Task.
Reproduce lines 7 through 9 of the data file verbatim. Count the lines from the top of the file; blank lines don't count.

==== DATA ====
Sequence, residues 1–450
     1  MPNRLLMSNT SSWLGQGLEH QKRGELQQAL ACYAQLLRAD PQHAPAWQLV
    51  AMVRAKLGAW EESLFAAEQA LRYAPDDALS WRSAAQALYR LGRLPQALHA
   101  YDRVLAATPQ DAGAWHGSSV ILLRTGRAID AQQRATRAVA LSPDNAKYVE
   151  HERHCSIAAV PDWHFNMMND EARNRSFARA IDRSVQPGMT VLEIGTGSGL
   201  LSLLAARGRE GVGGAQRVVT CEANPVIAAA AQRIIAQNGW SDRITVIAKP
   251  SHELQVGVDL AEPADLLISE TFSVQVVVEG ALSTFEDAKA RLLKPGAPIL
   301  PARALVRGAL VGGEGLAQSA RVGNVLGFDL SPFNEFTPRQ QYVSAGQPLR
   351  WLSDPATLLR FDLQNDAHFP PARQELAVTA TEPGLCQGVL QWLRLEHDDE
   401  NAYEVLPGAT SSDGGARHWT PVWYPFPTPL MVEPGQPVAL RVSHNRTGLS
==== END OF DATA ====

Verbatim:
   251  SHELQVGVDL AEPADLLISE TFSVQVVVEG ALSTFEDAKA RLLKPGAPIL
   301  PARALVRGAL VGGEGLAQSA RVGNVLGFDL SPFNEFTPRQ QYVSAGQPLR
   351  WLSDPATLLR FDLQNDAHFP PARQELAVTA TEPGLCQGVL QWLRLEHDDE